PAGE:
A partnership between Worldreader and Opera Software has provided five million readers in Africa access to 25,000 free digital book titles, via their mobile phones. The non-profit aims to reach 10 million readers with its digital library by the end of 2015.
Mobile phones are becoming ubiquitous throughout Africa. For many people, it is their only window to the connected world as mobile internet infrastructure and coverage is growing fast and driving the cost of data down. These mobile phones are affordable, easy to keep charged, and widely available.
"We want to make sure the entire world has access to the books they need and want," says Elizabeth Hensick Wood, MD for Worldreader, Europe. "This partnership aims to reach millions of people every month, across 34 African countries, through the cellphones they already have."
"For the millions of people in Africa who already use the Opera Mini browser, this makes reading on a mobile phone as easy as making a call," says Richard Monday, VP Africa, Opera Software. "We've placed the Worldreader icon in a coveted space on the Opera Mini speed-dial; right next to the Wikipedia button, because we believe access to reading, and access to knowledge go hand-in-hand. We hope access to these tools will help make our world more connected, empowered and educated."
Impact of reading in the developing world
According to a 2014 joint study from Worldreader and UNESCO
, female readers in the developing world read up to six times more than men, and once women start reading on their phones, they are generally more engaged than men are. During one three-month period, women spent an average of 207 minutes per month reading on their phones, compared to just 33 minutes for men. "These findings suggest that making digital books available on mobile phones can help women enormously," says Wood. "Women can now access information on health, safety, career; topics traditionally unavailable to them."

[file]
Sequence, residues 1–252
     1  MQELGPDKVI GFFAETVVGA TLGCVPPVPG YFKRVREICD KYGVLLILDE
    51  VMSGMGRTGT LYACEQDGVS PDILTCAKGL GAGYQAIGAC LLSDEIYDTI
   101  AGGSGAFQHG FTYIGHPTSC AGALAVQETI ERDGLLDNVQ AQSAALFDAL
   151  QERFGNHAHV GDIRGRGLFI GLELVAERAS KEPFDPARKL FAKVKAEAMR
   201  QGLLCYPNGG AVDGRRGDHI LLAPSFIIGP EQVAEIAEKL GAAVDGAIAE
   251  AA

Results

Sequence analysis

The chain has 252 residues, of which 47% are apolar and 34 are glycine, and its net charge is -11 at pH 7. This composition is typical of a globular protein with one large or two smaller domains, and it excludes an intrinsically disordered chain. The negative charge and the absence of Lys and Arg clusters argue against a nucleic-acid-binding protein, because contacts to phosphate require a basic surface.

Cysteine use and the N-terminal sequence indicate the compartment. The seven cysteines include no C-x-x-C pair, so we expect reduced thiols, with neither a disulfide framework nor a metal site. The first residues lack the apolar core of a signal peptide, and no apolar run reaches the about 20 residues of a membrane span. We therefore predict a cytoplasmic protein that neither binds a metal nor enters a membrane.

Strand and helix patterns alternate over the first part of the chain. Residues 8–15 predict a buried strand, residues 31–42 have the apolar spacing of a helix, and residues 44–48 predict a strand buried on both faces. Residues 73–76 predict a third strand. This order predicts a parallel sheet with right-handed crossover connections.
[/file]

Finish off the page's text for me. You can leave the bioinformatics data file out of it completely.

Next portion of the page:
On a global scale, Worldreader has reached over six million readers, adding about one million new readers each month through Africa, Asia, and Latin America. The most popular literary categories among these new readers are love, sports, education and health.
Making books accessible
Since its founding in 2010, Worldreader has observed hundreds of libraries in the developing world, which are often closed, under-funded or lacking in relevant book titles. These conditions often leave would-be-readers with limited access to books and information that they would find useful or relatable. Some libraries were found to have an over-abundance of titles limited to very narrow subjects, or books that no longer contained up-to-date information. Sometimes the books were too worn-out to be used.
"While more affluent parts of the world may view digital reading as a luxury, we see it as a necessity in the developing world, where physical books are often non-existent," says Wood.
The Worldreader Opera partnership provides 25,000 of the best titles from Worldreader's book publishing partners. The titles were selected to be fresh, relevant, sought-after titles that readers around the globe want to read. It also selected a variety of titles that may not widespread but will have particular relevance and significance to many countries in Africa. Titles include works such as Tale of Tamari
by Shimmer Chinodya, This Place I Call Home
by Meg Vandermerwe, Blossoms of the Savannah
by Henry R. ole Kulet, and Asare Konadu's A Woman in Her Prime
"Reading is a human right that one billion people can't yet enjoy," says David Risher, CEO and Co-Founder of Worldreader. "Worldreader and Opera are working together to make sure that books-and the power within them-are available to every single person on the planet to help them reach their full potential."